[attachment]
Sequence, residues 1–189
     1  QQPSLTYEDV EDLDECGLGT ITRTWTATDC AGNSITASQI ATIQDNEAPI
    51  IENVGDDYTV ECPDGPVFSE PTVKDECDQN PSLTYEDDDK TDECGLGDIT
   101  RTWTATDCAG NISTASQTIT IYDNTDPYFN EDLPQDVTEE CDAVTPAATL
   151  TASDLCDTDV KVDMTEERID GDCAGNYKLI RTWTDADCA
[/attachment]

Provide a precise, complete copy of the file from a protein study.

Sequence, residues 1–189
     1  QQPSLTYEDV EDLDECGLGT ITRTWTATDC AGNSITASQI ATIQDNEAPI
    51  IENVGDDYTV ECPDGPVFSE PTVKDECDQN PSLTYEDDDK TDECGLGDIT
   101  RTWTATDCAG NISTASQTIT IYDNTDPYFN EDLPQDVTEE CDAVTPAATL
   151  TASDLCDTDV KVDMTEERID GDCAGNYKLI RTWTDADCA